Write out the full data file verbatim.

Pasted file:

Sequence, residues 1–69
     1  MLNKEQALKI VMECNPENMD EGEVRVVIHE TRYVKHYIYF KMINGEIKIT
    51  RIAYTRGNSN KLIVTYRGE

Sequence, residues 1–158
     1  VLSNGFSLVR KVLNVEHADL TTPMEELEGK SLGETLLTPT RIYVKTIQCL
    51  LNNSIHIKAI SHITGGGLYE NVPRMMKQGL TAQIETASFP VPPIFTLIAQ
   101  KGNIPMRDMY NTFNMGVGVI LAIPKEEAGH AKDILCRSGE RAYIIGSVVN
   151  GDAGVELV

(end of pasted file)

Sequence, residues 1–69
     1  MLNKEQALKI VMECNPENMD EGEVRVVIHE TRYVKHYIYF KMINGEIKIT
    51  RIAYTRGNSN KLIVTYRGE

Sequence, residues 1–158
     1  VLSNGFSLVR KVLNVEHADL TTPMEELEGK SLGETLLTPT RIYVKTIQCL
    51  LNNSIHIKAI SHITGGGLYE NVPRMMKQGL TAQIETASFP VPPIFTLIAQ
   101  KGNIPMRDMY NTFNMGVGVI LAIPKEEAGH AKDILCRSGE RAYIIGSVVN
   151  GDAGVELV